Sunday, March 11, 2007

Weird Energy

A friend teaches an activism class at a local private school. Her students want to take concrete steps to curb climate change. She knows I'm fired up about this (and have an engineering degree) so she asked me to work with the class to figure out what needs to be done and how to persuade the administration.

We started with the building where the class meets and found that the heating system (which circulates hot water from the boiler to radiators) was over-heating the upstairs rooms (people had propped windows open on a cold snowy winter day) while the basement was very chilly. I talked to maintenance people and got permission (and instructions) to adjust the radiator valves. We found that every one of the valves was wide open. People told us that the building had always been hot upstairs and cold down since it was built in 1959. (Hot water is less dense than cold, so the top rooms were getting most of the hot water and very little was going downstairs.) Bet the system had been operated that way for 48 years!

The students and I spent the afternoon adjusting the radiators valves and I was feeling pretty good when we'd finished. Stopped at the maintenance bldg to return some tools. Sean Hannity was blasting from the radio, ripping into Al Gore for his hypocracy (huge energy-hogging house, jetting hither and yon...) Hannity was also asserting that the carbon offsets Al is touting are a sham designed to enrich Al. Shocked to find myself agreeing with Hannity until that last one. Since no one was in the maintenance building, I turned the radio and the lights off in the name of energy conservation... Yikes.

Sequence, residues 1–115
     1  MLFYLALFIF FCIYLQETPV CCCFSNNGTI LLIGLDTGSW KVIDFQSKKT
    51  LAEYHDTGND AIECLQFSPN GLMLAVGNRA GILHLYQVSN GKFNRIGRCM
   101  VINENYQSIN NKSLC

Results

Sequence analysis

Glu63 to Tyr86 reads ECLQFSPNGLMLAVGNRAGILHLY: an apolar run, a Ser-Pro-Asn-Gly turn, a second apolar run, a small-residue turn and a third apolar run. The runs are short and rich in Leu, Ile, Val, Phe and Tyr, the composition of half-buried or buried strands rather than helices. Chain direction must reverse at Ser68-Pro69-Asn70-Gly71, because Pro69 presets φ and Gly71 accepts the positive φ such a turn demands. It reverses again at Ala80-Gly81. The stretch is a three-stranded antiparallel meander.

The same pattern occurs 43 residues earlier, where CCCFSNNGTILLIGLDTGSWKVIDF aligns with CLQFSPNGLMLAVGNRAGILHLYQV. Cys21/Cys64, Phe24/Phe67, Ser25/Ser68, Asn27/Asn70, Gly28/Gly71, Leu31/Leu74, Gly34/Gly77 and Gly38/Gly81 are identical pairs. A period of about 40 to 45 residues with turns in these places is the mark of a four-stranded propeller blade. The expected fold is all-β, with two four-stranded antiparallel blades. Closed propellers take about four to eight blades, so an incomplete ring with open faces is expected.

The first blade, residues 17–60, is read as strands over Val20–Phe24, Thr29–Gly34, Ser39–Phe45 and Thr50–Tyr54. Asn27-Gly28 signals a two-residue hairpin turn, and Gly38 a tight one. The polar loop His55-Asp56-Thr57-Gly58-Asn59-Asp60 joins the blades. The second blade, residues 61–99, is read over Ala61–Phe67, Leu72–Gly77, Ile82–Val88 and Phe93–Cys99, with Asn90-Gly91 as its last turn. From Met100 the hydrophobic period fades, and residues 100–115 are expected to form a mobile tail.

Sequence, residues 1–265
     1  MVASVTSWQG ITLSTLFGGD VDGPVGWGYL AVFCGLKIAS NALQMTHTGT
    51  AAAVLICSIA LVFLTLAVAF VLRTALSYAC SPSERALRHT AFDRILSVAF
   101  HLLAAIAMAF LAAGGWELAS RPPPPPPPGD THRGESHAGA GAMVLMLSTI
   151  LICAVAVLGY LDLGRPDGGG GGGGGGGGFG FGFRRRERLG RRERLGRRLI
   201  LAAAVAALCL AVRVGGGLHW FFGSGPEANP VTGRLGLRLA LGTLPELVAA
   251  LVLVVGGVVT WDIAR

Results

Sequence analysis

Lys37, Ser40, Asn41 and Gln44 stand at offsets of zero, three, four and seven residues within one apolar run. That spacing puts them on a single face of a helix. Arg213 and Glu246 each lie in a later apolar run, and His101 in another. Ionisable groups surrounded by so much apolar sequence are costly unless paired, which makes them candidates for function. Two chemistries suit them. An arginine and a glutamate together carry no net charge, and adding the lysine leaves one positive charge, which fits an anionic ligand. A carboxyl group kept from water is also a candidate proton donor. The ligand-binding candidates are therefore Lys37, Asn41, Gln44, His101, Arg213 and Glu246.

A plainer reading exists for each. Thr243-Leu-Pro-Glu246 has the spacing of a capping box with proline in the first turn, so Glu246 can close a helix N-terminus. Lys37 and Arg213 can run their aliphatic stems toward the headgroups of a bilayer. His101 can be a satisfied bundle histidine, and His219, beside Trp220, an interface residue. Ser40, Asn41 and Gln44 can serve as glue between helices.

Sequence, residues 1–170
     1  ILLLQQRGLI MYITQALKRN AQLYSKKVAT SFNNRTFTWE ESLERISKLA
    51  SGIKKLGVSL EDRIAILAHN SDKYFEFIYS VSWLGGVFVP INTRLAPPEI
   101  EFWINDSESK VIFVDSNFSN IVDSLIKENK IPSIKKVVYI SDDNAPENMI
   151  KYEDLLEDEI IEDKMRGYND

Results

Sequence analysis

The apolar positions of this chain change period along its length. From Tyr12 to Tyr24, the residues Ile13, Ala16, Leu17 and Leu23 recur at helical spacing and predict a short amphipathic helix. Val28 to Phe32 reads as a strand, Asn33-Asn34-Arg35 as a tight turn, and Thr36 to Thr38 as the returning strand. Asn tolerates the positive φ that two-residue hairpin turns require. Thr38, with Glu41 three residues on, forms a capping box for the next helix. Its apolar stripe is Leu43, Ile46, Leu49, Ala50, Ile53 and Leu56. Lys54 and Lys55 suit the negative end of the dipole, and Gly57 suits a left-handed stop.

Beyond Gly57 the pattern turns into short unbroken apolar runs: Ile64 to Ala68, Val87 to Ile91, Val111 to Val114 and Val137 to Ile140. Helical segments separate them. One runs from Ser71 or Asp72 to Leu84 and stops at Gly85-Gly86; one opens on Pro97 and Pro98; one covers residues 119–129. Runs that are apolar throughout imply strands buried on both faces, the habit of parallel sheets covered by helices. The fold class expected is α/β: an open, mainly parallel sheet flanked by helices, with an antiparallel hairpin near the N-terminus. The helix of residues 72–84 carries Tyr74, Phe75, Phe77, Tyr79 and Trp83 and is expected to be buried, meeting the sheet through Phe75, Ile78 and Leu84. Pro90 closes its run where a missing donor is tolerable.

So why hadn't the building maintenance staff ever bothered to balance the heating system? Well, maybe because they don't pay the gas bill. I'm recommending that the school pay the maintenance staff a percentage of the reduction in energy bills they achieve next year. The school spent over $500,000 for gas and electricity last year. If maintenance can cut the bill by 20% that's 100,000! So pay 'em 5% of what they save-- that's $5,000. I think their staff is about 5 people. Will $1000 bonus motivate them? I bet it will! They knew how to balance the heating system-- they just didn't have much incentive to bother.

So when NASA-Goddard's lead climate scientist, James Hansen says we need to reduce our carbon emissions by 80% to avoid pushing Earth's climate past a catastrophic tipping point, I now believe it's possible. We waste so much energy.

We all need incentives to fight climate change. A gradually-increasing carbon tax would shift expectations and start us down a much better path. It's a simple concept-- tax fossil fuels. But don't take the money out of the economy-- pay a share to each person. Those who use more than average fossil fuel would pay more in higher prices than they got back. Those who beat the average would reap rewards. Check out the slide show on